Be approachable, adopt an open-door policy but don’t only wait for the issues to find you. Actively walk the halls, or now days with virtual offices, scroll the active directory, make the call, connect with your colleagues. It doesn’t have to be about a specific matter, ask how they are, what is their area working on, what’s in the pipeline in the next few months. The objective is to bridge the gap between people’s perception to only use lawyers when things go wrong and instead remind them legal is there to assist the business to understand the goal posts and how the law applies to the business at every stage. 

Demonstrate that you understand and want to learn about what goals and objectives the business is trying to achieve. Tailor your communication to the audience, understand their needs and provide practical advice that is solutions focused. 

Lastly, there will be times the business doesn’t want to hear the advice or they will test your recommendation, back yourself, it’s how you deliver the hard advice that will build credibility and reliability that you are not there to tell them what they always want to hear but rather what is necessary. 

What is the one thing a law degree doesn’t teach you about being an in-house lawyer?

Emotional intelligence. A law degree teaches you how to think critically, question, research, apply the law. It doesn’t teach you self-awareness, social skills, self-regulation, motivation. These ‘soft skills’ are important to be effective as an advisor. 

What are the biggest changes you’ve witnessed across the legal sector since you joined the profession?

While legislation and case law will continue to evolve, many of the major changes impacting the legal profession are technological and cultural.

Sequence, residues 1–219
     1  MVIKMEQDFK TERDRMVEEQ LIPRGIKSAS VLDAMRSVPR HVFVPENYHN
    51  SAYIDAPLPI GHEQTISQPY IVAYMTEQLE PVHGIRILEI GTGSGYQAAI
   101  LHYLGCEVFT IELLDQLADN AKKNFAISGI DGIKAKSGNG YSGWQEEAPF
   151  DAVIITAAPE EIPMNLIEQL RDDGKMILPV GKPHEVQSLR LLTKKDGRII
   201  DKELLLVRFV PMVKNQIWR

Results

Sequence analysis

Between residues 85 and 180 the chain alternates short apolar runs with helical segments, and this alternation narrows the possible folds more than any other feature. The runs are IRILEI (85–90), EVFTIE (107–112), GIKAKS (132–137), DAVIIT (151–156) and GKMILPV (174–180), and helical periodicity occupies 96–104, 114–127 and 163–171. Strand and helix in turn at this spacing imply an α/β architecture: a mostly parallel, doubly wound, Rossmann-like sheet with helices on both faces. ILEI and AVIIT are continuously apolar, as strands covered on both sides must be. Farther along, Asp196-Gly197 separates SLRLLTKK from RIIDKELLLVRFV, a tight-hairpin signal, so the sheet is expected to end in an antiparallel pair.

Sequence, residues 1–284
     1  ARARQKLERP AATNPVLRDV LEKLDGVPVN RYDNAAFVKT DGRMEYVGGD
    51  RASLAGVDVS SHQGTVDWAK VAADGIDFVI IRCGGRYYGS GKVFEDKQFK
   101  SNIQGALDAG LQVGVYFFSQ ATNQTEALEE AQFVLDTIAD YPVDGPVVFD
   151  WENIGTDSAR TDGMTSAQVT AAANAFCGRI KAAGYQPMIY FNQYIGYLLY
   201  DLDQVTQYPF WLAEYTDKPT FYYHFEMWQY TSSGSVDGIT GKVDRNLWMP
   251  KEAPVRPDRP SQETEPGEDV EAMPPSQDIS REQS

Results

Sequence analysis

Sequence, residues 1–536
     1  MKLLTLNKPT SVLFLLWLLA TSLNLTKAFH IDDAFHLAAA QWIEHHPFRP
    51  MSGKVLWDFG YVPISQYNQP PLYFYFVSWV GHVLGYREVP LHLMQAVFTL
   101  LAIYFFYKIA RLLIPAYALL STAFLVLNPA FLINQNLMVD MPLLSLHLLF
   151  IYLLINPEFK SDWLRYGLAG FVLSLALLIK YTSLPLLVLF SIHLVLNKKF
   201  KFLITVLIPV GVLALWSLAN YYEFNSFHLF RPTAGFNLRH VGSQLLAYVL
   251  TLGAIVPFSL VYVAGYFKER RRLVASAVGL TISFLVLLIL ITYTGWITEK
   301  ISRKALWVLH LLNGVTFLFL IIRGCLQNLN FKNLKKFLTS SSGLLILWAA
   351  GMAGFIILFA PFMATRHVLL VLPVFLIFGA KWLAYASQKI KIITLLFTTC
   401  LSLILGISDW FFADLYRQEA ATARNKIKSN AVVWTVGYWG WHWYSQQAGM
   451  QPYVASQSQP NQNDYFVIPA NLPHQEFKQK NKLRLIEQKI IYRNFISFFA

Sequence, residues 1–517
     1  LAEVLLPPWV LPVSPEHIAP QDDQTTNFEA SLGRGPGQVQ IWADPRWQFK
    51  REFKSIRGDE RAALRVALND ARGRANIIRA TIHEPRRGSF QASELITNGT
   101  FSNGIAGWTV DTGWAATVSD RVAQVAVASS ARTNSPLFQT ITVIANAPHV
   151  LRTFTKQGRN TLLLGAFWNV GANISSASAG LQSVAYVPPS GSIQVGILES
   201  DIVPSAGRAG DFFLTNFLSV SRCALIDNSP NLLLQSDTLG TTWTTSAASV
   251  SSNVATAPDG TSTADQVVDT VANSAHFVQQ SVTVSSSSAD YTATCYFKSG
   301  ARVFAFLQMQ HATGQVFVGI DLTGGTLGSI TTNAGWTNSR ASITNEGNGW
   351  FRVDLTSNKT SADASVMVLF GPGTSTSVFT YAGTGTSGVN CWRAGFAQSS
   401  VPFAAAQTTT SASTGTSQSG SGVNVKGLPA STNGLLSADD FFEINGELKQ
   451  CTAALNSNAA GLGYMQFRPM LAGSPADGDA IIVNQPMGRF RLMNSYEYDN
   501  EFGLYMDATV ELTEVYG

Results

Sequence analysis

Implementation of technology to assist in delivery of matters and tools to the business is important, as not only a value add but also to allow lawyers to focus on high value work rather than answering the same questions over and over. 

Covid has seen a shift by necessity to flexible working arrangements. I believe this will stay and is the way of the future if workplaces are to attract and keep the best talent. 

New law has been emerging for several years, but Covid certainly contributed to speeding up and creating new offerings in this space. The traditional model of briefing to a firm for advice is now one of many options available. The flexibility offered by these models also challenges the traditional in-house lawyer model, allowing for companies to drop lawyers in-house as and when needed, to coincide with projects and increased workflow. 

Finish this sentence… If I wasn’t a lawyer I’d be…

A sports agent or a diplomat. Both deal with people of questionable character and require a sound knowledge of the law. Honestly, I love Ballers and West Wing and like many people think law is just like Suits- right? That’s why I would try my hand at those careers.  

I like being a part of the ACC Australia community because…

The answer is in the question - community. It’s a group of people with shared interests and it’s through that interest that ACC provides tools, support, learning and networking opportunities. 

The opportunities afforded to me during my time as a member, which have included being part of the ACT Committee, a member of the Board, a mentor and a mentee, being part of a panel at a conference, speaking at ACC regional events, has provided me with skills and insights that have contributed to my development as a lawyer and greatly assisted in my in-house career. 


Lastly, of most significance the people. I have met and forged both professional and personal relationships with many ACC members over the years and this really is the highlight of being part of the ACC Community being able to connect and share ideas with likeminded people.